Kyle Warren and Sasha Ward have never experienced anything quite like it before. It’s a muggy Monday morning in front of the University of Winnipeg. And they’re at a formal media event, complete with camera crews and a master of ceremonies. The pair sit with their eight-year-old daughter Hailey, and wait for their turn to speak. As they approach the podium, they appear a little nervous and unsure. But Warren’s simple words, carry great meaning.
In 2007, Habitat for Humanity launched the Indigenous Housing program, in an effort to address housing issues facing First Nations, living on and off reserve. As part of the program, interested candidates go through a rigorous application process. If accepted, they complete 500 volunteer hours, and make regular payments on their new or renovated home.
Earlier this year, Kyle Warren contacted his local Habitat for Humanity office to inquire about the program. In February, he learned his family had been accepted for a new home. “I have no words on how good it feels. It’s absolutely amazing,” says Warren. The couple and their daughter have been planning ever since. “We’ve been talking about it non-stop,” says Ward. Topics under discussion include what colours the rooms will be painted, and what to plant in the garden.
After this Monday morning’s formal announcements, their dream came one step closer to reality.
Outfitted in steel toe boots and hard hats, the couple began building their future home, with guidance from Habitat for Humanity construction staff. Construction will continue at 515 Portage Ave. for two weeks. The frame will then be moved to a lot in Point Douglas, a community in Winnipeg’s north-end.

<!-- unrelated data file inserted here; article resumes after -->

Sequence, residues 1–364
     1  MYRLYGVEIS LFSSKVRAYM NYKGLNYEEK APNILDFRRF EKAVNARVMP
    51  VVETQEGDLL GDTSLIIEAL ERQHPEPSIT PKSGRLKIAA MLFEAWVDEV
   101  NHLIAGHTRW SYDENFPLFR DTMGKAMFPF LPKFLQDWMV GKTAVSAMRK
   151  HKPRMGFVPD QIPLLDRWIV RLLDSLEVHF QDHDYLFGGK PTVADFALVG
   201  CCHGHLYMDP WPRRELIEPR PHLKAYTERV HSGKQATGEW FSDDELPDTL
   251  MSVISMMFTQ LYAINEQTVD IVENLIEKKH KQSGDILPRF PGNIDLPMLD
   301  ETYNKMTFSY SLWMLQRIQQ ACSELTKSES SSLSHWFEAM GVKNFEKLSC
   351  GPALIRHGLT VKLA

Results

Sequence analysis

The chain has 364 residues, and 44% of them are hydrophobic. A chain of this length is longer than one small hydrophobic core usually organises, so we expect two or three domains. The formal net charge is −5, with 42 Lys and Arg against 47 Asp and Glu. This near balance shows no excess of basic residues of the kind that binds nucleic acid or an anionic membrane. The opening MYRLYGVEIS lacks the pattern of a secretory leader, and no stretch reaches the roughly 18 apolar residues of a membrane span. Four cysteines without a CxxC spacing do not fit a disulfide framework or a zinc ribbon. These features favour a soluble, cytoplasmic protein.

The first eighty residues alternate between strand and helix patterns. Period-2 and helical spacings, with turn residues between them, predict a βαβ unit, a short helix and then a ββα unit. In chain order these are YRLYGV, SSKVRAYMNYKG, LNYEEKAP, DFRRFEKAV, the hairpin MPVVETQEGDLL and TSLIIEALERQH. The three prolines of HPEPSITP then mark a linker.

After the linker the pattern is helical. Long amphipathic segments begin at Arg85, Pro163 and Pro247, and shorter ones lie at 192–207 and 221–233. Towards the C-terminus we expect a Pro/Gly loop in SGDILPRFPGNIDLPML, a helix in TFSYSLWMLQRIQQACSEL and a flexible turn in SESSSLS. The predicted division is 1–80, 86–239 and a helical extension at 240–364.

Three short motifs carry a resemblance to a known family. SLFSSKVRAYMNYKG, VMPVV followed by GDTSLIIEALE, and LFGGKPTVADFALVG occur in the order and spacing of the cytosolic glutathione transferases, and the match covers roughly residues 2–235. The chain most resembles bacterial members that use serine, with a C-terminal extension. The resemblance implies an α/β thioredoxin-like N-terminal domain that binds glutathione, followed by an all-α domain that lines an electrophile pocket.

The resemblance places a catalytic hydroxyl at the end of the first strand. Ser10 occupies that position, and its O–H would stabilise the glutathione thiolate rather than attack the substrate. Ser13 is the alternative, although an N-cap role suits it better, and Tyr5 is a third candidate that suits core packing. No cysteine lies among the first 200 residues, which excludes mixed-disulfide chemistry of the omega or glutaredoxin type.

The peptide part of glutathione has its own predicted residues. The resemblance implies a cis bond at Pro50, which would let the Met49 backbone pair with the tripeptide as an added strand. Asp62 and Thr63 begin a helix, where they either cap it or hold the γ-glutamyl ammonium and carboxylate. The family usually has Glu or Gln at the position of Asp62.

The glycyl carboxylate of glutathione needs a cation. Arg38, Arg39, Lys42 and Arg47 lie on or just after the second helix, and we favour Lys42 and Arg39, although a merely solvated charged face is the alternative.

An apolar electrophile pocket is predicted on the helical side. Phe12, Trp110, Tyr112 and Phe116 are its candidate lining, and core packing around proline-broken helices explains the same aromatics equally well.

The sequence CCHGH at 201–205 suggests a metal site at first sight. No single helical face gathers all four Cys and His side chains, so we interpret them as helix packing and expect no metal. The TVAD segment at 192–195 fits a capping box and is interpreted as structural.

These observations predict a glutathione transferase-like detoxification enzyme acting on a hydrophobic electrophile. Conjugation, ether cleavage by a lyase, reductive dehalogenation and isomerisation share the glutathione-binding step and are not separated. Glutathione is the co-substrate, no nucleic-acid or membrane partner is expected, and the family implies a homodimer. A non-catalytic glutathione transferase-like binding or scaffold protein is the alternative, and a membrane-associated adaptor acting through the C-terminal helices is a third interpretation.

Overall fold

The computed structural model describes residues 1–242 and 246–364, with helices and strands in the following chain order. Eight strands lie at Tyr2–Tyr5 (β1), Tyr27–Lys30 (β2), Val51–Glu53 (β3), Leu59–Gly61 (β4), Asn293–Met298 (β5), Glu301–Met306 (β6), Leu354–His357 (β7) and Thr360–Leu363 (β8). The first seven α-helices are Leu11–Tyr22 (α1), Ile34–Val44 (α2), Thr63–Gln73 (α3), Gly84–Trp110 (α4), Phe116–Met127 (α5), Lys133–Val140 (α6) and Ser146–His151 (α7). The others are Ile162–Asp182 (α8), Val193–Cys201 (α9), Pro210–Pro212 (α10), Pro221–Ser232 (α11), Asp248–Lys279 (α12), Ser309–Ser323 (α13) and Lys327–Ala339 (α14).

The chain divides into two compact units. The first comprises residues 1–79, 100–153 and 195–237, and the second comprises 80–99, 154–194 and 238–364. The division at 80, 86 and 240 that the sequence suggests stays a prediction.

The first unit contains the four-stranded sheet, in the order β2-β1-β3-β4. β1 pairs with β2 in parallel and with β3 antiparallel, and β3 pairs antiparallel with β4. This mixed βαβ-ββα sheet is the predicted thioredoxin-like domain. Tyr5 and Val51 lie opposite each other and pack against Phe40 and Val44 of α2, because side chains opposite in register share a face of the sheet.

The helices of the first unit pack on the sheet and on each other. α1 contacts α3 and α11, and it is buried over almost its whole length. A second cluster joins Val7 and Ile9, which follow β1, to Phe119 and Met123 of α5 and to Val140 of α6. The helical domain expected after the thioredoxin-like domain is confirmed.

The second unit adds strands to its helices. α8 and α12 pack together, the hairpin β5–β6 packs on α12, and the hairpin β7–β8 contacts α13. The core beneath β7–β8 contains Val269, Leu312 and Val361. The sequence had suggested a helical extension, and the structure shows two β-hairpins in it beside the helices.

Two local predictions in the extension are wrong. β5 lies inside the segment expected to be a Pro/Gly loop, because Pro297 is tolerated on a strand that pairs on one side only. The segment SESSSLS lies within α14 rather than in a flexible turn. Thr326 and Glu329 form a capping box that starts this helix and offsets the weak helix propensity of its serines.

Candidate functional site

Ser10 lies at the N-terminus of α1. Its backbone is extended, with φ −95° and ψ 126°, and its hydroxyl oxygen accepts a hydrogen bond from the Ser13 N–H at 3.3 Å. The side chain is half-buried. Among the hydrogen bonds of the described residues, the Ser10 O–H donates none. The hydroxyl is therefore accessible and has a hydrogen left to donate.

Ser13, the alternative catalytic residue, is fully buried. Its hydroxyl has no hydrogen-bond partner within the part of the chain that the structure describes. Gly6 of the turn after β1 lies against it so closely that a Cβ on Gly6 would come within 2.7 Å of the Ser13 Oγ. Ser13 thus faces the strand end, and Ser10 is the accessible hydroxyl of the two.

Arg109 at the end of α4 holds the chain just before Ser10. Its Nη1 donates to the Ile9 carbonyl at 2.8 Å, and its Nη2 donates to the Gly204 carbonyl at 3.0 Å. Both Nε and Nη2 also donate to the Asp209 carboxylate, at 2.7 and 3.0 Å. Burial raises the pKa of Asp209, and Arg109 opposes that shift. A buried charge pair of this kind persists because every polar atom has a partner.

Warren and Ward were joined by a dozen volunteers and project sponsors—people, who up until that morning were strangers. “To see there’s still great people out there who will take time out of their lives to help other people…I think it’s absolutely amazing,” says Warren.
One volunteer was Ducks Unlimited Canada (DUC) CEO Greg Siekaniec, a member of the Sustainable Forestry Initiative’s (SFI) board of directors. An independent non-profit organization, SFI promotes sustainable forestry and has pledged $100,000 over three years to Habitat for Humanity Canada’s Indigenous Housing program.
While Siekaniec’s day job typically has him working with DUC supporters, staff, and partners to create and safeguard habitat for waterfowl, building a home for a young family aligns with his larger view of community and conservation.
“We need to work together on all aspects of community. Whether it be to build housing or for conservation,” says Siekaniec. In his previous life, Siekaniec was a building inspector in the state of Minnesota, before finding his true passion: conservation. He’s especially impressed that the future homeowners rolled -up their sleeves to help with construction.
“They’re putting labour and equity into their own home, and I think that will create a true connection with the house once they get it.”
Near the build site, Warren’s grandmother Roanna Hepburn, monitored the progress. When the bungalow is complete, it will be located just two blocks away from her home.
“My heart is just so full right now,” she says. “I just can’t thank Habitat for Humanity, and all the sponsors enough. Everyone’s working together so efficiently.”
At lunch, construction stalled, and the media packed-up their gear. The soon-to-be homeowners dropped their work gloves to discuss their future residence a bit more.
“What I really want to do is plant a maple tree in the backyard,” says Warren. “In Winnipeg you don’t see a lot of maple trees, and I’d love to have one in my backyard. I want to plant it the first summer after we move in, because I want it to be as old as our house.”